What the black community's response to the crimes against Abner Louima seems to say is that for a black man, nothing is worse than having something shoved up your ass -- not even death. It is chilling, and heartbreaking, that black people too have come to devalue black lives. Just as scary is the embrace of patriarchal, racist and homophobic notions of manhood -- and by its absence, womanhood -- in the ranking of crimes against those very same black lives. Thus, we are able to sustain our outrage at the sadism of Louima's torture, as well as the magnitude of the number of bullets -- 41 -- fired at Amadou Diallo, but it's hard to get it up when it's just a plain old, home-grown African-American killed by police firing one or two or 12 bullets.

But this primal horror extends beyond the black community. After all, it was the taboo nature of the crime against Louima that made white cops break their code of silence and tell on Volpe. Their candor is welcome, but it would be nice to see similar honesty in cases of police killings, not to mention the routine beatings and abuse meted out by the men in blue.

Just as porn freaks need more deviant stimulation, dope fiends demand more potent dope and violence aficionados are constantly upping the ante, so Americans are constantly upping the price of our horror, compassion and outrage. After the school shootings in Georgia, an acquaintance remarked to me that "he didn't even kill anyone," as if somehow the lack of dead bodies make the kid's crime not only a failure, but passé. Likewise with police brutality. It ain't enough to simply be shot and killed by out of control cops over some bullshit -- no one gives a damn. At the millennium we need a bigger hit, say 41 bullets plus, or the living death of manhood assaulted.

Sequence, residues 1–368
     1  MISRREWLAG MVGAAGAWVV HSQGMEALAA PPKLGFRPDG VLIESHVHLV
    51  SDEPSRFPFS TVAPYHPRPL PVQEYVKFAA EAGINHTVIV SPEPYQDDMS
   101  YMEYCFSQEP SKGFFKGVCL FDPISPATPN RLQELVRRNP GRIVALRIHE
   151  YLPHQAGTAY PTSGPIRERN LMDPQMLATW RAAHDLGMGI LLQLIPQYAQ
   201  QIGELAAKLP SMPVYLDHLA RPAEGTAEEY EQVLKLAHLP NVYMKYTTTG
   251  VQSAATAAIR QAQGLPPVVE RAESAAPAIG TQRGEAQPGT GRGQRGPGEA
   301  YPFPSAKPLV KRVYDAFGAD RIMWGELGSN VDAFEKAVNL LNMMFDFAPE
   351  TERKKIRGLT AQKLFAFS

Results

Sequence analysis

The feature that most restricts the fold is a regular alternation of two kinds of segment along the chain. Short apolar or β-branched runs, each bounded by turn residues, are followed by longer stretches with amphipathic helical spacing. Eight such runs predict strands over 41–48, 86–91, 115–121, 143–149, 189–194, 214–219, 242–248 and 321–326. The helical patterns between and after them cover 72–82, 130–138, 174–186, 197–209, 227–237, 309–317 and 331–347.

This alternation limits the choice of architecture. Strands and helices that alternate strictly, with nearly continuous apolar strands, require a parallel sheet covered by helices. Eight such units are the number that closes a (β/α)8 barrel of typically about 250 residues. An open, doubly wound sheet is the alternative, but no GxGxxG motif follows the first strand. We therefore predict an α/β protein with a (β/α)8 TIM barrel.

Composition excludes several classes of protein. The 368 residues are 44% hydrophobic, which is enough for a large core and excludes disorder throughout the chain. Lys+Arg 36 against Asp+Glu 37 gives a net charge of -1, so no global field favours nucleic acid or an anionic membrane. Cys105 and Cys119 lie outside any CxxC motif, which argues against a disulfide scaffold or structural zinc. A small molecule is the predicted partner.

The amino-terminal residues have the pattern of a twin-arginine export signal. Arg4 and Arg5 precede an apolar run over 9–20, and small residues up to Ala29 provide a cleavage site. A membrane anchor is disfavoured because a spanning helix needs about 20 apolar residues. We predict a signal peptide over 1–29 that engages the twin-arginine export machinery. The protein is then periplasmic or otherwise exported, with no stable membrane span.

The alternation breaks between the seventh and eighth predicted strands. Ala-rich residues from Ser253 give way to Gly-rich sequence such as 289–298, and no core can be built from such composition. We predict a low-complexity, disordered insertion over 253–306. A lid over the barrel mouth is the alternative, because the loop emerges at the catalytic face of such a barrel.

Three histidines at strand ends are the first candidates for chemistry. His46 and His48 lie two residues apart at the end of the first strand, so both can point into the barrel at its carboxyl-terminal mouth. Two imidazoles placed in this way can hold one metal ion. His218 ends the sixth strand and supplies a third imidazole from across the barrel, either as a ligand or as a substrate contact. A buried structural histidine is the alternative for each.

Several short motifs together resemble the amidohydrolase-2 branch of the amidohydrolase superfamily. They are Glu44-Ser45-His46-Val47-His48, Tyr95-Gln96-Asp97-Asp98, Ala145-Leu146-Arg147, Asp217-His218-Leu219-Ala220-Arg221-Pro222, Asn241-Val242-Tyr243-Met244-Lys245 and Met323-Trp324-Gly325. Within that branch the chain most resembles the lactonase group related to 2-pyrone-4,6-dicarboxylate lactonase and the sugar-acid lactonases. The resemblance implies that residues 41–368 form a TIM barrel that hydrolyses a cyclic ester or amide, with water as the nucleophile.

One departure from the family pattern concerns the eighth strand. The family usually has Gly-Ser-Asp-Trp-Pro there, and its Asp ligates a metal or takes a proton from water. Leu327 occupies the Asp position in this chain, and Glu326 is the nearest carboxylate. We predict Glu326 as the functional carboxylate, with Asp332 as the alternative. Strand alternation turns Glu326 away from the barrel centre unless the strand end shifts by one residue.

The irony is that with his plea, Volpe may very well have consigned himself to the same hell of assaulted manhood he visited upon Abner Louima, that fate worse than death. "The brothers are definitely waiting for his motherfuckin' ass," says a friend who served hard time. "The only hope, if you want to call it that, is that the Aryan Brotherhood is waiting to worship his ass."

In the end, inside prison and out, it all comes down to that same tired dick thing. And until it becomes a human thing, we'll all continue getting fucked, one way or another, like it or not.

By Jill Nelson

Jill Nelson is the author of "Volunteer Slavery" and "Straight, No Chaser."